Mr SPEAKER: The member is wrong. He will carry on with his point of order or he will leave. Would the member please carry on with the point of order.

Rt Hon Winston Peters: If that is the way I am treated I am not interested in carrying on with the question.

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Corrections, Department—Supervision of Paedophile

10. RICHARD WORTH (National—Epsom), on behalf of Hon TONY RYALL (National—Bay of Plenty): to the Minister of Corrections: Will there be an independent investigation into the actions of the Department of Corrections with regards to the supervision of paedophile, Lloyd Alexander McIntosh; if not, why not?

Hon PAUL SWAIN (Minister of Corrections): No. The offender was being supervised 24 hours a day by a private provider contracted by the Department of Corrections. It is entirely appropriate that the Department of Corrections investigate the actions of the contractor and review its own procedures in relation to such contracts.

Richard Worth: Does the Minister agree with the comments made by his colleague the Hon Philip Goff: “We’re fortunate that it was not at the most serious end of offending.”; if so, is he prepared to explain these comments to Mr McIntosh’s female victim and her family who are coping with the reality that the State literally stood by while she was being assaulted?

Hon PAUL SWAIN: On most occasions I agree with the comments made by Philip Goff. I think it is really important to say that the department did all that it could. It made sure that McIntosh stayed in jail for as long as possible, it had conditions applied to the release, it negotiated a 24/7 supervision with McIntosh, contracted two agencies to carry them out, and took action when the conditions were breached. The department did all that it could.

Ron Mark: Given that the Minister only yesterday finally conceded that despite his earlier protestations that there was no need for a fully independent inquiry into the Department of Corrections emergency response unit, why will he not now accept that there is quite clearly a need for an independent inquiry into the department’s close supervision programme of Mr Lloyd Alexander McIntosh, or do we just have to sit here and wait until he gets another kick in the butt from the Prime Minister and finally does what we all know he needs to do.

Mr SPEAKER: The first part of the question can be answered.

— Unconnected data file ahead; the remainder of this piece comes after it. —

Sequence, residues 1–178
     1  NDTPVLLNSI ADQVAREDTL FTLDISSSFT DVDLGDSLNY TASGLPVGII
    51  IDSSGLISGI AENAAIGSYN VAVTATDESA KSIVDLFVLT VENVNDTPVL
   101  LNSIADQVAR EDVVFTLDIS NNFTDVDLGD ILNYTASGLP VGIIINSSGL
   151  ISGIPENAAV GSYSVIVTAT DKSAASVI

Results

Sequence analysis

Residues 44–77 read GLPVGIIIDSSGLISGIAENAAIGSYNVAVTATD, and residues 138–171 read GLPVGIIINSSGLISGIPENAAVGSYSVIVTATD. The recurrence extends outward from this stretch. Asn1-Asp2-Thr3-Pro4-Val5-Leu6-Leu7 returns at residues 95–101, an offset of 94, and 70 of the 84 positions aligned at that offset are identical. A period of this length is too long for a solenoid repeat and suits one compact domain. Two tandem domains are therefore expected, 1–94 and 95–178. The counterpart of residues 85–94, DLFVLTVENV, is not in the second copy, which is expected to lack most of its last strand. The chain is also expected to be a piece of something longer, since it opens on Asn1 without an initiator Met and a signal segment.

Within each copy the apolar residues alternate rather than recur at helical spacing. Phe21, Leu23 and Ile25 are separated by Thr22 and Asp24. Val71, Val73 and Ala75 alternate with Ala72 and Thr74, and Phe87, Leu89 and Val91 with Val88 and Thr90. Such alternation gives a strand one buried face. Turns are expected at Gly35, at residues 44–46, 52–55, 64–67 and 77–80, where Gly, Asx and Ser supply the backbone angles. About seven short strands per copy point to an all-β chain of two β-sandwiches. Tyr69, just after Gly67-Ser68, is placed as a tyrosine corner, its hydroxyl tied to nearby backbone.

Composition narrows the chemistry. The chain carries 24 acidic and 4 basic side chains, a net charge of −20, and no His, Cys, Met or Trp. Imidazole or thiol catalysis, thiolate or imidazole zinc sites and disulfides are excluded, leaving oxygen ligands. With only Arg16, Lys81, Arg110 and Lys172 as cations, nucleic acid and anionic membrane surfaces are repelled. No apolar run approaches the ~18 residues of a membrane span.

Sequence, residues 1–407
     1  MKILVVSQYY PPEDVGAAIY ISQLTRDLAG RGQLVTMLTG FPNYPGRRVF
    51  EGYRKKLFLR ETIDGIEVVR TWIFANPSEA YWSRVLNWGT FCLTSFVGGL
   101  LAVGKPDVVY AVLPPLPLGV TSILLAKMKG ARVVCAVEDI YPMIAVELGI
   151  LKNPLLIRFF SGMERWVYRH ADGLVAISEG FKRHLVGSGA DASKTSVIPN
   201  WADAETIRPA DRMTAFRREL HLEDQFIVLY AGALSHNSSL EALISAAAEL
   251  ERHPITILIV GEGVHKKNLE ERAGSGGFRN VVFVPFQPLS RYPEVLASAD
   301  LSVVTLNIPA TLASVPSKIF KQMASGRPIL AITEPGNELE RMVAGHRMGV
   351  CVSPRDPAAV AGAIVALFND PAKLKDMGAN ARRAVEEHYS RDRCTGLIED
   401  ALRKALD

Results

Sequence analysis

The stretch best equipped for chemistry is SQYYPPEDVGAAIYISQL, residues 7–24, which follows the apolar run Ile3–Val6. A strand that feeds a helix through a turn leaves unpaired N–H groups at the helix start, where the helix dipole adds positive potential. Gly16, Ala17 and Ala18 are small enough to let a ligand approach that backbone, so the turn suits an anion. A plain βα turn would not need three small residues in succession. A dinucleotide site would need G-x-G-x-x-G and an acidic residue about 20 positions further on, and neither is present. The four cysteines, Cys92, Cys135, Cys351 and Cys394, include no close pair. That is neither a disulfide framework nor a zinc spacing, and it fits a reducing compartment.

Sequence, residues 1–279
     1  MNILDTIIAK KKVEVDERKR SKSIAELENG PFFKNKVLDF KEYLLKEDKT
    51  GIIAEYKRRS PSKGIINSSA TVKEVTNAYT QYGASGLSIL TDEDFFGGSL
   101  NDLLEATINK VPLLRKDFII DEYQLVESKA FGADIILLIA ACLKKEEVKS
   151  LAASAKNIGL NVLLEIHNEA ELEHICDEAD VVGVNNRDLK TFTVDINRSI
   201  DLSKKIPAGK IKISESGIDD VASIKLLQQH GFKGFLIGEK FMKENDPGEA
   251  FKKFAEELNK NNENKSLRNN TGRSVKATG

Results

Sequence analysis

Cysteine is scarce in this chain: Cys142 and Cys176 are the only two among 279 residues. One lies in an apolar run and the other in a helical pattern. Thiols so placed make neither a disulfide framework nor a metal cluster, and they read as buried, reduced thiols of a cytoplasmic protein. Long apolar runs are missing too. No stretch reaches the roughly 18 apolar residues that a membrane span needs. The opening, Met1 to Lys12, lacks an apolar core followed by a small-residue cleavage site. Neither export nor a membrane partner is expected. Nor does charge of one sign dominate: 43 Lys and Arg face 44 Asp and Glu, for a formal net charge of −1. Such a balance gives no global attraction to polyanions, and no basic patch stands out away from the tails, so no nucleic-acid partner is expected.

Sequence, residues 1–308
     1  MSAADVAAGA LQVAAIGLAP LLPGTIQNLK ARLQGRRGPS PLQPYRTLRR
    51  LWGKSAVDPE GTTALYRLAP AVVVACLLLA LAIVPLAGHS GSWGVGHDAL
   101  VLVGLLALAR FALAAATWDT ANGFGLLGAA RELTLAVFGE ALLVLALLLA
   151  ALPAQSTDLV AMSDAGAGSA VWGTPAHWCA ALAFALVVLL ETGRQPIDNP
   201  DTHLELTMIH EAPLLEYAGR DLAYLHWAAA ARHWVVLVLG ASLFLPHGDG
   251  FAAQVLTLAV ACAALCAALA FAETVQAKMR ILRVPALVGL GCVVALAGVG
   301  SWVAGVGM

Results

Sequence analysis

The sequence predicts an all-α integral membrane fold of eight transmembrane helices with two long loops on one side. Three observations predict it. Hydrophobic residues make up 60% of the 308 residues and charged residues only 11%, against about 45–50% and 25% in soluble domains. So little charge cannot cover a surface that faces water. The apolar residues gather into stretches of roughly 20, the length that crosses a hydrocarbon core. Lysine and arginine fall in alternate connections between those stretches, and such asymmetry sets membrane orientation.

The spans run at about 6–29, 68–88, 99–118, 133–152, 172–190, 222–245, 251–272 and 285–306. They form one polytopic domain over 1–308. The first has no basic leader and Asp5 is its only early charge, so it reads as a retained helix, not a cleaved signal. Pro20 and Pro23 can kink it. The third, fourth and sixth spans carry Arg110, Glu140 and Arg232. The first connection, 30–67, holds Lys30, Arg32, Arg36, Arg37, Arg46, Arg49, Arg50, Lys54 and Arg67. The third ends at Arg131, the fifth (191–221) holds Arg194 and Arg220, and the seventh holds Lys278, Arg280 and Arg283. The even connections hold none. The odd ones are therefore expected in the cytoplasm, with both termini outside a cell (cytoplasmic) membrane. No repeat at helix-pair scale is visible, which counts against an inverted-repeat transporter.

Hon PAUL SWAIN: For a start, as I indicated to that member, I was always relaxed about some form of inquiry but not political grandstanding. That is why we have taken this course of action, which the member supports. The difference between the two is that this one is about contracting arrangements with third parties. That is why it should be done by the department.

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Students—Achievement Levels

11. JILL PETTIS (Labour—Whanganui) to the Minister of Education: What steps is the Government taking to lift the educational achievements of school children in New Zealand?

Hon TREVOR MALLARD (Minister of Education): Our Government is investing heavily in numeracy initiatives, because we see it as a top priority for lifting educational achievement. Initiatives include a nationwide numeracy project involving more than 10,000 teachers and the hugely popular numeracy assessment tool known as “asTTle”. This award-winning tool allows teachers to test students’ skills, accurately identify their weaknesses, and adapt and target their teaching accordingly.

Jill Pettis: What are the benefits of lifting numeracy skills?

Hon TREVOR MALLARD: Good numeracy skills are essential to everyday life and to success. It is important that 5-year-olds can count from one to 10, and it is important for adults to do more complicated calculations, such as starting from a base of 27 and learning to count to 14 amongst those numbers.

Hon Bill English: Can the Minister explain how an increase of 40 percent in spending on Ministry of Education bureaucrats is lifting the educational achievement of children?